Letting the cat out of the bag
Sit in a room full of 6-year-olds after they have been quiet and still for a few hours and what you’ll get is conversation. Straight forward, say just what you think conversation. Kids are honest, even when they shouldn’t be. They haven’t yet learned subtlety or tact and unlike adults they don’t know about locution.
People don’t always say what they mean, or what they mean isn’t always what they say. This is why there are idioms, so people can say what they really want to say without really saying what they want to say. Okay, let’s not mince words here. Idioms are a hard nut to crack and can drive a person crazy. At this point you may have raised an eyebrow because idioms are not your cup of tea, but people use them every day. In fact, I have already used five.
An idiom is a commonly used phrase or expression that when taken literally, or word-by-word, has little or no meaning. For example, ‘quitting cold turkey’ does not mean your Aunt Wanda does not want leftovers from Thanksgiving, but that she is suddenly stopping a habit of some sort. If a person is ‘hot under the collar’ they don’t necessarily have a fever, but instead are angry or upset. Another example is the idiom that says ‘people who live in glass houses shouldn’t throw stones.’ Okay, they really shouldn’t throw stones, but it also means you shouldn’t judge others for something you do yourself.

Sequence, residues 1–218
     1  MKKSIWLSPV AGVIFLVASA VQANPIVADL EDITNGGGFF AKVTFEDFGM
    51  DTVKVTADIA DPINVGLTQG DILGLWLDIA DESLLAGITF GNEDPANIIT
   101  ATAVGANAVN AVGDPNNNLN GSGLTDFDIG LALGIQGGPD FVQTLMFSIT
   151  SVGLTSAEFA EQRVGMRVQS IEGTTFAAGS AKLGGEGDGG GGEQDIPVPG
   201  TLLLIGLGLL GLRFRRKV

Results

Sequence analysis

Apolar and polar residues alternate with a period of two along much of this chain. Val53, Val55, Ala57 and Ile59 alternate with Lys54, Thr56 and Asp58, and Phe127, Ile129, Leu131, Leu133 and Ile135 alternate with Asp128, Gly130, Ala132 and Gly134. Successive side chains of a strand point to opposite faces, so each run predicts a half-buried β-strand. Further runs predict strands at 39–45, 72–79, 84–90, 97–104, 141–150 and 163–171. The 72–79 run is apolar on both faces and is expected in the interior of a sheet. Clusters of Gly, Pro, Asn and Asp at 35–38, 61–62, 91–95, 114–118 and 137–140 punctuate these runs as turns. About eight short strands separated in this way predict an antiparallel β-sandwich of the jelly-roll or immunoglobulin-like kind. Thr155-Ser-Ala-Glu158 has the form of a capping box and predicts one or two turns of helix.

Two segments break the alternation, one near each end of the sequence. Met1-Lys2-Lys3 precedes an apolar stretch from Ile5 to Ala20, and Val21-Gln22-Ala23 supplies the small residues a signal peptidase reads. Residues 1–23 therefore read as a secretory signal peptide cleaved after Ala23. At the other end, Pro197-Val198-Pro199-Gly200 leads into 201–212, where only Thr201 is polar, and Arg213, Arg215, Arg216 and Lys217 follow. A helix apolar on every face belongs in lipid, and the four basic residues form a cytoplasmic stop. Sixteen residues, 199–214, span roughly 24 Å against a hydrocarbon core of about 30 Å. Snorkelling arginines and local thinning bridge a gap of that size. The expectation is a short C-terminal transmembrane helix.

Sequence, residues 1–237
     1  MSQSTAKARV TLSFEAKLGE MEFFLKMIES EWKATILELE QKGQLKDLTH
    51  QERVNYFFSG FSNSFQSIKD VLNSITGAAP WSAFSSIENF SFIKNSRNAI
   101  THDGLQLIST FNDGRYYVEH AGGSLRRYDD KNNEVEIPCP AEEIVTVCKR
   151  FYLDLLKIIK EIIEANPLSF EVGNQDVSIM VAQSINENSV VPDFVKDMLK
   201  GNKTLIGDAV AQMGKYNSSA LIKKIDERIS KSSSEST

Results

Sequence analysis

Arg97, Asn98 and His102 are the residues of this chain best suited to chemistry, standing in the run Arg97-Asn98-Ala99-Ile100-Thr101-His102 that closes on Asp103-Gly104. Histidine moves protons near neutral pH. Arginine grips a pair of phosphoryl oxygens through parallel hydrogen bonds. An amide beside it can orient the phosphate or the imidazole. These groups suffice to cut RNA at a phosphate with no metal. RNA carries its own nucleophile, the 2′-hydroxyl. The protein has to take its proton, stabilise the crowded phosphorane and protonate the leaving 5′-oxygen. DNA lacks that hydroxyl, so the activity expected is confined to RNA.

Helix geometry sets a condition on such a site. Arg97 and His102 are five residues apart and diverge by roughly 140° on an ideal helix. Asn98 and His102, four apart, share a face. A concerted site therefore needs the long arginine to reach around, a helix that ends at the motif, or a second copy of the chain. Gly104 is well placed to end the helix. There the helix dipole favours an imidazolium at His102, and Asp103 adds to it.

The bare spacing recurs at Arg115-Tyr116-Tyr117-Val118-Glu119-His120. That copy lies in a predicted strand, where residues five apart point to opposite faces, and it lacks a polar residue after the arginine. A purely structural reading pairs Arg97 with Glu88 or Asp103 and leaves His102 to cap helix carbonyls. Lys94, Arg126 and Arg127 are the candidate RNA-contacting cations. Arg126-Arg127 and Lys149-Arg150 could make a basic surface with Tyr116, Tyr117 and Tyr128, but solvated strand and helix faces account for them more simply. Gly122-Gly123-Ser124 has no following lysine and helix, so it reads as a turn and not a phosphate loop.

Idioms can try the patience of those who are not familiar with them, or who aren’t native speakers of the language. This is why it is suggested when learning a new language to also learn the language conversationally, along with some common idioms. Without this knowledge you could easily be in hot water or over your head.
Many idioms, especially those from cultures other than your own, can tickle the funny bone and make it hard to keep a straight face.
In Germany, where we might say someone is living in the lap of luxury, they would say, living like a maggot in bacon. We say die laughing, but in France they prefer bang your butt on the ground. In America, if you are well suited or two peas in a pod, in Mexico you are like fingernails and dirt. Italians don’t make mountains out of molehills, they get lost in a glass of water instead. In Colombia if you have been swallowed like a postman’s sock you are hopelessly in love or head over heels. Sounds ridiculous, right? But I’m not pulling your leg, in fact, in Russia I wouldn’t be hanging noodles on your ears either.
Whether your native language is English, Spanish, Russian or Dutch, there is always a way to say what you want to say without really saying anything at all.